Big Pete, Harmonica recorded Live At BluesNow

Big Pete, Harmonica recorded Live At BluesNow

This is a great showcase for Big Pete who shows all of his skill as a composer, singer and harp player but, importantly, he allows the whole band the time and space to express themselves

In this genre of Blues, one of the significant instruments used to convey the emotions, both happy and sad, is the harmonica. It has been called many things…moothie, if you’re from Scotland; gob-iron if you’re Ian Gillan; in jokes it is usually referenced to my sister or more commonly ‘Our Monica’; most commonly, and confusingly to non-cognoscenti it is called the harp. Yet it bears no resemblance to that rather large stringed instrument and it is devilishly difficult to master, even though it theoretically cannot be that difficult…after all, you stick it in your mouth and blow! Having tried to play the damned thing, I can vouch for the difficulty, not in making a noise, but making a coherent and musical noise which proved beyond my limited talent. Some players seem only to be able to make it scream…the truly talented ones make the humble harp into a voice of its own…able to express every feeling and nuance the song demands. That is a long-winded way of introducing Dutch blues vocalist and harp player Pieter “Big Pete” van der Pluijm who is a player of the latter variety and can make the harp talk and sing as well as own voice.

If you haven’t heard of him yet, I would recommend you seek out his past works with bands such as The Strikes, The Backbones or the more avant-garde and modestly named, M.O.C.T. (Men Of Considerable Taste). He’s currently busy with his own Big Pete Blues Band performing around Europe at many of the big blues festivals. His last release, Live at BluesNow! shows his talents to the full in this live setting and, backed by a solid and capable band and a couple of guests, runs through eleven songs mixing originals and covers.

Opening with a Big Pete original, Mean starts with a great harp refrain as it moves into a standard blues pattern with a Three Dog Night feel to the guitar. Pete’s vocal range is good too and he doesn’t hog the limelight…as evidenced by the tasty guitar solo here. When he has his harp solo, he shows how to put sensitivity and depth into the melody. Blues shuffle, Born To Die, is introduced with a guitar and harp duet in another familiar yet original blues style. The harp solo illustrates how they don’t all have to sound the same as he injects different techniques to give it variation and feel. He pays tribute to Junior Wells next, as the band take on the classic Come On In This House and give it a nice reading by keeping it close but without copying the original. The guitar runs behind the harp are a highlight in their subtlety and dexterity and the solo is tremendous. Next up is a song by the multi-instrumentalist Boyd Small (check his More Love and Trouble album for more); This Time No Lies is a slowish blues played with some real feeling and a quiet and quite lovely harp solo. After introducing the band, Pete brings Mike Welch on board for the Kooiman tune, 6:45. Welch is allowed plenty of room to shine, as we know he can, on guitar and Pete concentrates on the vocals. He brings the next guest on for I’ve Got My Eyes On You…Anthony Geraci adds some great piano to this song that Pete first recorded on his Choice Cuts release. Here it is brought to life as the whole band get behind him as he sings up a storm and plays a short and brilliant solo. Then it’s straight into the slow blues of Ball And Chain. This is a quality track as each band member adds such deft touches behind the vocals. The Hammond solo is actually different to most and brings an added feel to the song. Just To Be With You is back to harp driven and the blues riff behind the whole thing is a delight. The harp solo again shows how it should be done….just feeling and no overblown (pun intended) histrionics. Only Time Will Tell is the band doing a brave thing as Pete explains that they had only heard this Geraci composition on the day. You wouldn’t think so as they put a jaunty backing to the melody and a neat guitar solo makes it work very well. Rockin’ Daddy welcomes Kid Ramos onto the stage to add his distinct style to this bluesy rock number and his solo is superb.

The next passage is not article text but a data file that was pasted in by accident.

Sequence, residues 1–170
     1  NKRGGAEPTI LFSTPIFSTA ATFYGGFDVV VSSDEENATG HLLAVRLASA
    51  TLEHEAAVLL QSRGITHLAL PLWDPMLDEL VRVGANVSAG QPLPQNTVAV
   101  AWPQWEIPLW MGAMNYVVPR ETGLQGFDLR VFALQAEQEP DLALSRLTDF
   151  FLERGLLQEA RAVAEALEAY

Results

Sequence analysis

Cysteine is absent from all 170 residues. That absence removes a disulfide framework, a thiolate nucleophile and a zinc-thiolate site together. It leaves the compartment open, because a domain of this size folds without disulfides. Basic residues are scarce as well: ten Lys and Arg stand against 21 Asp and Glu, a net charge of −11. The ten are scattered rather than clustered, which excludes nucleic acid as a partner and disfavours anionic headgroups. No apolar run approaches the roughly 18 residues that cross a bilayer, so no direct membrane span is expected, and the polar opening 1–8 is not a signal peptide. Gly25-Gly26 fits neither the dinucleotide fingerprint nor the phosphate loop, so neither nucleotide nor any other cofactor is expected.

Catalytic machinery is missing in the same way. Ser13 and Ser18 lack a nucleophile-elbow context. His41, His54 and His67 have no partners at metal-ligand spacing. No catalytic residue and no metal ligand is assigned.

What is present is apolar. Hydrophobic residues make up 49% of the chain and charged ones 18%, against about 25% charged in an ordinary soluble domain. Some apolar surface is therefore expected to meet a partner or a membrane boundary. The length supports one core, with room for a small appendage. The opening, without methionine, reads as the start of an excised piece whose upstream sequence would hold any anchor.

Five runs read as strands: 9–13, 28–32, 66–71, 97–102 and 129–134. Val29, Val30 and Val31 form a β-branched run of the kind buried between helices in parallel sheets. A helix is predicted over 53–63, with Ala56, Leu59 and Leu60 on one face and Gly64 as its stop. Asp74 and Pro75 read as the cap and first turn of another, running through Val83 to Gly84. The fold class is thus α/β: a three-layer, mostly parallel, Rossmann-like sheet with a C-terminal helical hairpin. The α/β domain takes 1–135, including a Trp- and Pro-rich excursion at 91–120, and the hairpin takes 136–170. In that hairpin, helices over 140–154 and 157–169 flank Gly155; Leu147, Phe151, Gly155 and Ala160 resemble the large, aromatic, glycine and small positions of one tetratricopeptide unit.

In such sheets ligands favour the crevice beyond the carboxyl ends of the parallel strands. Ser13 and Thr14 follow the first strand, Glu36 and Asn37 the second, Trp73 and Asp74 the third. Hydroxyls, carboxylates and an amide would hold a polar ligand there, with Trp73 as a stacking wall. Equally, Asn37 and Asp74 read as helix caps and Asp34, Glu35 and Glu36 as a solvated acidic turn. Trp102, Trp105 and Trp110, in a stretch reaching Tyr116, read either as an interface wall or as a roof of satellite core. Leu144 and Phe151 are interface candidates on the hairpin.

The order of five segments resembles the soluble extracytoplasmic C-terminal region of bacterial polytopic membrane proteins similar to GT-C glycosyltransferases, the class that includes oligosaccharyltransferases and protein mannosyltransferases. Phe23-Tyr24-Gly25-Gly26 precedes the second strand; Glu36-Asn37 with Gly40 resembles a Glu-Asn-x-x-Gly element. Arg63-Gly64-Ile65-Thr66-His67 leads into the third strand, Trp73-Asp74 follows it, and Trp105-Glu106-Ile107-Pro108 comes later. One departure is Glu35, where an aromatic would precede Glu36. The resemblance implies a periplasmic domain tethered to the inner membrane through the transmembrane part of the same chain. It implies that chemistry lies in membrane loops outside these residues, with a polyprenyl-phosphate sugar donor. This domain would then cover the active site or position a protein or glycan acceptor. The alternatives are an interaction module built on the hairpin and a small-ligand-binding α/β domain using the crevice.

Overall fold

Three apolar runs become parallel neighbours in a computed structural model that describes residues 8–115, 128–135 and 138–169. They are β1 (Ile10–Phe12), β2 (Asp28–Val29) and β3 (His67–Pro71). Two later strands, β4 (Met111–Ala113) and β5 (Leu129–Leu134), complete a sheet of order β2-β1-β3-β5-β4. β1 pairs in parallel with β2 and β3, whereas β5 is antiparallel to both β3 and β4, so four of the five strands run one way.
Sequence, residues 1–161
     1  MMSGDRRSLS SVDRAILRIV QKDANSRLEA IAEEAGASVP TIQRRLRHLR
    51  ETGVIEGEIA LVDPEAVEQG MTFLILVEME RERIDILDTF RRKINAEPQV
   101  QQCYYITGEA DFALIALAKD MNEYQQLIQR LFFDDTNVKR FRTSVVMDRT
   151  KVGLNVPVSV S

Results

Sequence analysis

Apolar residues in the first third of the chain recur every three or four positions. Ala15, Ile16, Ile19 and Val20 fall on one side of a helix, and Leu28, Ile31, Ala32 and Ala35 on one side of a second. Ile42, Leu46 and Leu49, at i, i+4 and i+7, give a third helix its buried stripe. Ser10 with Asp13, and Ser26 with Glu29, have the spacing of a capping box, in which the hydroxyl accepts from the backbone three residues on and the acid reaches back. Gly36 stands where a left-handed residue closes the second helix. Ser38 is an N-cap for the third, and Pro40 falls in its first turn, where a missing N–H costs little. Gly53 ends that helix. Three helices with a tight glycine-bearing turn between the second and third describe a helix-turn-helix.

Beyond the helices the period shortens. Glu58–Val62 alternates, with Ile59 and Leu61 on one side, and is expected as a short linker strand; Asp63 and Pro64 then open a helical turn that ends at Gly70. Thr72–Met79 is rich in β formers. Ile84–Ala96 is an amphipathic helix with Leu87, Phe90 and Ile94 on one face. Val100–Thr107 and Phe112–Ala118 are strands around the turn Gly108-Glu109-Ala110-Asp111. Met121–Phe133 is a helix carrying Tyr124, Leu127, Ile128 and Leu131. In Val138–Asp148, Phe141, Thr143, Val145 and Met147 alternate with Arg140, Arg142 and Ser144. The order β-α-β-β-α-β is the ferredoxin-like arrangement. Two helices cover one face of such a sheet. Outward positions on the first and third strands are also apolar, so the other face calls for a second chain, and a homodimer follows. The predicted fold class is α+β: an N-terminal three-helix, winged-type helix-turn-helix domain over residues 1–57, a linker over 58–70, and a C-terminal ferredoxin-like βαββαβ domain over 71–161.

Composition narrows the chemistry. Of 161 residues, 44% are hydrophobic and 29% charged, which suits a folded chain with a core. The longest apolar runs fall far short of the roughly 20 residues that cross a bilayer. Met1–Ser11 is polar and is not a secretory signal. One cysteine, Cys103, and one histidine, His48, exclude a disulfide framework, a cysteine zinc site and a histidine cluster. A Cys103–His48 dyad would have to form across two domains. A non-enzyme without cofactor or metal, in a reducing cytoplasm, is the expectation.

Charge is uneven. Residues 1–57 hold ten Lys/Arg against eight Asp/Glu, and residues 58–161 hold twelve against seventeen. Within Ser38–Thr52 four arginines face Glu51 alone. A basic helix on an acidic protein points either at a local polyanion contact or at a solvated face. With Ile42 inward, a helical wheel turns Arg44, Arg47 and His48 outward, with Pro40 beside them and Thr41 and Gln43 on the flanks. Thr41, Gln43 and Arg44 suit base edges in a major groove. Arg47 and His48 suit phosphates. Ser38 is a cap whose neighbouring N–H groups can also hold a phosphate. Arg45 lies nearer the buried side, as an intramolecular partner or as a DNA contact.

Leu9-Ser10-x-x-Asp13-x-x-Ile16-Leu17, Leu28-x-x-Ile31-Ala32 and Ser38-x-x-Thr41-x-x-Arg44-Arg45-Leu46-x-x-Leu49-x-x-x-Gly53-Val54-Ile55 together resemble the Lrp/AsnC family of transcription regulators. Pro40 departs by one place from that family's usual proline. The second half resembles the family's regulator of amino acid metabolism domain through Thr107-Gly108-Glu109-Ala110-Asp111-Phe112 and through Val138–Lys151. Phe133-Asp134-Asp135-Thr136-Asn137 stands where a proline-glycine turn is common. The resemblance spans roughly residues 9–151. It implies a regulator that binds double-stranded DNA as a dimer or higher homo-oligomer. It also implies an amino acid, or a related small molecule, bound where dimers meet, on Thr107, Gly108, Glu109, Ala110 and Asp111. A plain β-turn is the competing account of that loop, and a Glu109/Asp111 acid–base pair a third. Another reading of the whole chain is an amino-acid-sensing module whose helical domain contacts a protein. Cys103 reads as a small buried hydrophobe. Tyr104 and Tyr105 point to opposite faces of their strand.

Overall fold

The closing track, My Backscratcher, is the encore and has become my favourite because of the guitar/harp interplay is just great listening and it builds into a mid-paced blues of classic construction but a modern execution.
This is a great showcase for Big Pete who shows all of his skill as a composer, singer and harp player but, importantly, he allows the whole band the time and space to express themselves and the whole thing benefits from this ensemble approach. There isn’t a bad song here and, although the pace doesn’t vary that much, it will have worked fine in the live setting. A damn good album that is a welcome addition to my ‘harpers bizarre’ collection of CDs.

EIGHTpawprint half inchdoodle paws out of TEN …

Track Listing:

  1. Mean
  2. Born To Die
  3. Come On In This House
  4. This Time No Lies
  5. 6-45
  6. I’ve Got My Eyes On You
  7. Ball And Chain
  8. Just To Be With You
  9. Only Time Will Tell
  10. Rockin’ Daddy
  11. My Backscratcher


Peter ‘Big Pete’ van der Pluijm – Vocals, Harmonicas

Sander Kooiman – Guitar

Erkan Özdemir – Bass

Willie ‘Wuff’ Maes – Drums

Special Guests:

David ‘Kid’ Ramos – Guitar

Mike ‘Monster’ Welch – Guitar

Anthony Geraci – Piano, Hammond B3

Newsletter Updates

Enter your email address below to subscribe to our newsletter

Leave a Reply

This site uses Akismet to reduce spam. Learn how your comment data is processed.